phernalia, and advertisements. 
Recording the profound influ- 
ence that wine and its attend- 
ant symbolism have held over 
people and their civilizations, 
the publication demonstrates 
the Cooper-Hewitt Museum's 
rigorous commitment to foster 
public awareness of design. 
The cover, endpapers, typeface, 
visual materials, and quality of 

nations of all eras. 

Design and its relationship to 
wine encompass a wide range 
of activities, from painting, 
sculpture, and tableware to 
methods of production and har- 
vesting. Supplementing the 
book's three essays are photo- 
graphs of drinking vessels, 

reproductions are all of the 
highest caliber. By insisting 
upon a standard of design 
excellence, the museum has 
produced a document of lasting 
value, provided a forum for 
debate on the issues raised by 
the exhibition, and made an 
example of practical design 
excellence available to a large 


U.S. Department of the Interior. 

Minerals Management Service. 

Technical Publications Unit, 

Vienna, VA 
Chaparos Productions, Inc., 

Washington, DC 


Smithsonian Institution, 
Cooper-Hewitt Museum of 
Decorative Arts and Design, 
New York, NY 
Kathy Homans, Seattle, WA 
Eric Ceputis, Chicago. IL 

4 5 1 988 PRtsiDtNTiAL Dhsic.n Awards 


Statue of Liberty Centennial Publications 
National Park Service 


The restoration and centennial 
celebration of one of America's 
most cherished national sym- 
bols, the Statue of Liberty, gen- 
erated enormous public 
interest. The National Park Ser- 
vice was charged with commis- 
sioning educational materials 
that would be informative and 
accessible to the broadest pos- 
sible audience. Two remarkable 
graphic pieces resulted. 

The first piece was a com- 
memorative poster illustrating 
the association between France 
and the statue. The theme of 
Liberty was conveyed through 
eloquent imagery of the statue 
and vibrant colors. The second 
piece was a free folder telling 
the story of Liberty from the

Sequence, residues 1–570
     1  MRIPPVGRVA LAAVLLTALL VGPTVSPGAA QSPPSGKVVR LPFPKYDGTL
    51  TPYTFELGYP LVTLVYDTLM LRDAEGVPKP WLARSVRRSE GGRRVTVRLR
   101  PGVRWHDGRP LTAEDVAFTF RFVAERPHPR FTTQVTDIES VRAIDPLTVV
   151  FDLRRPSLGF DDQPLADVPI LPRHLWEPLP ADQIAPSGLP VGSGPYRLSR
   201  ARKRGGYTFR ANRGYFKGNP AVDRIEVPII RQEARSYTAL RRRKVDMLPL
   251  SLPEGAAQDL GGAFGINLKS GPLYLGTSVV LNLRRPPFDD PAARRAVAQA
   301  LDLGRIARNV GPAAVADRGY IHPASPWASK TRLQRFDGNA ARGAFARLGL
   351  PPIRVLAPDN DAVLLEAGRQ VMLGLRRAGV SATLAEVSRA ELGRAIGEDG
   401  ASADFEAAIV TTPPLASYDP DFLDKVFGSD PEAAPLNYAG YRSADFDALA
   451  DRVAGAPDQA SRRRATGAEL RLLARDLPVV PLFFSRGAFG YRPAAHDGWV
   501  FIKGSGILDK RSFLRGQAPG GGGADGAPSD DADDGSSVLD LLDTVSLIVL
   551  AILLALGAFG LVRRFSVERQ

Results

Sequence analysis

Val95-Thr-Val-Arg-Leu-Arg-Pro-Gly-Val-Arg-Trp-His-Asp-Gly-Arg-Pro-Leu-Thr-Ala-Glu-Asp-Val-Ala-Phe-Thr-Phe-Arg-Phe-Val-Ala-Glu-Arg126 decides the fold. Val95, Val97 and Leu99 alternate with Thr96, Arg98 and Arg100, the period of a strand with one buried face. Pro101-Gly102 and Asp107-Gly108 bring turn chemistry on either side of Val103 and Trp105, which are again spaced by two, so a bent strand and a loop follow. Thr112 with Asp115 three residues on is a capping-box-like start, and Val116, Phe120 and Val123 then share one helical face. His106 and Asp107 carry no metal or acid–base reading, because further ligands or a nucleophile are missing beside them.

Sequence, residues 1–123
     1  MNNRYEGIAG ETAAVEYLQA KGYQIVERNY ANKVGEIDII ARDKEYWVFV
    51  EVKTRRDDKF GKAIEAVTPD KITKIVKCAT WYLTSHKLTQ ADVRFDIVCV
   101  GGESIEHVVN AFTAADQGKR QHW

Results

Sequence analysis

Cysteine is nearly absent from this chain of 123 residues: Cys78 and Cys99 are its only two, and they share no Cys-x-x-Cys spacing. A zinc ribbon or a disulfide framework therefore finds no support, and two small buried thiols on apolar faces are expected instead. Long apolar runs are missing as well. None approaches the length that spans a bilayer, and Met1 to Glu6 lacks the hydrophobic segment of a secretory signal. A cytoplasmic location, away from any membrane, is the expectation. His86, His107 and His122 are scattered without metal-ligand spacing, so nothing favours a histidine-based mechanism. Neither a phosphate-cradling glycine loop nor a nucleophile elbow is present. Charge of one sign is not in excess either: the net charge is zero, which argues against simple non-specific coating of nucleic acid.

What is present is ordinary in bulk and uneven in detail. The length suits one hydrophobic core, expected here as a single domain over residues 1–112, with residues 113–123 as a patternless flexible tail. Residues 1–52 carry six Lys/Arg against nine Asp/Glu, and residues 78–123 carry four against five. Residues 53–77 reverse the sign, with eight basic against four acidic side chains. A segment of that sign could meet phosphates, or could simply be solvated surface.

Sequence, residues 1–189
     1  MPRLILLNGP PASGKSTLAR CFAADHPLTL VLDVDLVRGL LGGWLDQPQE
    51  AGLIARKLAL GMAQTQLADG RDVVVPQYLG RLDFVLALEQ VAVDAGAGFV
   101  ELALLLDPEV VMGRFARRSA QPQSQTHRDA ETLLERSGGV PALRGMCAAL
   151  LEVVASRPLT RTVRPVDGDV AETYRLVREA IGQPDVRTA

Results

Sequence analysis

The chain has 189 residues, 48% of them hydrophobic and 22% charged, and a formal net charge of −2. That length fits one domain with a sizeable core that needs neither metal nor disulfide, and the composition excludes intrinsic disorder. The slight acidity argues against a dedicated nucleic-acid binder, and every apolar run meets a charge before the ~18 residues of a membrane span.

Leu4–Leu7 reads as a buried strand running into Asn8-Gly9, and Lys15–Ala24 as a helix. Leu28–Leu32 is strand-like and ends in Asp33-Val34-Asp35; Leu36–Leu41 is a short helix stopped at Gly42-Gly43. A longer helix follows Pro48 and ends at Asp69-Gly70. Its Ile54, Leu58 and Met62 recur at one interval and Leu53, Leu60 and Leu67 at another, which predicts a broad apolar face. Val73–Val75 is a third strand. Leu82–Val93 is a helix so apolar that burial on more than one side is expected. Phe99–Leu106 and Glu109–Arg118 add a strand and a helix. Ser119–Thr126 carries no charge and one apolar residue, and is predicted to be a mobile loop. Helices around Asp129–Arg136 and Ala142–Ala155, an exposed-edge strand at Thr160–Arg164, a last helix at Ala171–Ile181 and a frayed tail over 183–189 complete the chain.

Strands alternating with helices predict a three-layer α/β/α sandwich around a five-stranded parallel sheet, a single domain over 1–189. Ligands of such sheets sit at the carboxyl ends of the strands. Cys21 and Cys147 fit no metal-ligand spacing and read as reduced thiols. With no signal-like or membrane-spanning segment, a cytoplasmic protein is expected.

moment its design was con- 
ceived by French intellectuals 
until its installation in New 
York Harbor. Photographs of 
the key players in the statue's 
history and of the harbor over 
the last 1 00 years brought the 
story to life. 

These materials were pro- 
duced at little cost to the fed- 
eral government due to 
donations from the public. The 
stewardship of the National 
Park Service ensured that the 
resulting publications would 
reflect the power and symbol- 
ism associated with this popu- 
lar national monument. The 
pieces were well received by 
the public, communicating the 
meaning associated with the 
Statue of Liberty. 


U.S. Department of the Interior. 

National Park Service, 

Division of Publications. 

Harpers Ferry. WV 
Vignelli Associates, 

New York, NY 

46 1 988 Presidential Design Awards 



Statue of Liberty Centennial Exhibit 
Liberty Island, New York 

An exhibit in the base of the 
Statue of Liberty commemo- 
rates the monument's centen- 
nial and provides an example 
of the effective use of design 
in the public interest. The 
exhibit's designers set out to 
chart both the history and sym- 
bolic evolution of the Statue of 
Liberty In order to succeed, 
the exhibit had to convey its 
message clearly and concisely 
to visitors ranging from Ameri- 
can school children to foreign 

The designers' approach was 
to relate the history of the 
statue through the stories of 
the people involved in its crea- 
tion and construction. The 
exhibit's two themes, history 
and symbolism, are explored 
through videos, photographs, 
models, and documents— many 
of them exhibited for the first 

square-foot exhibition space to 
allow the casual visitor the 
opportunity to browse without 
impeding the slower pace of 
the more interested visitor. 
Interior spaces were also 
designed to be accessible to 
wheelchair-bound, handi- 
capped, and younger visitors. 
Large-scale type and audio cas- 
settes made the exhibit accessi-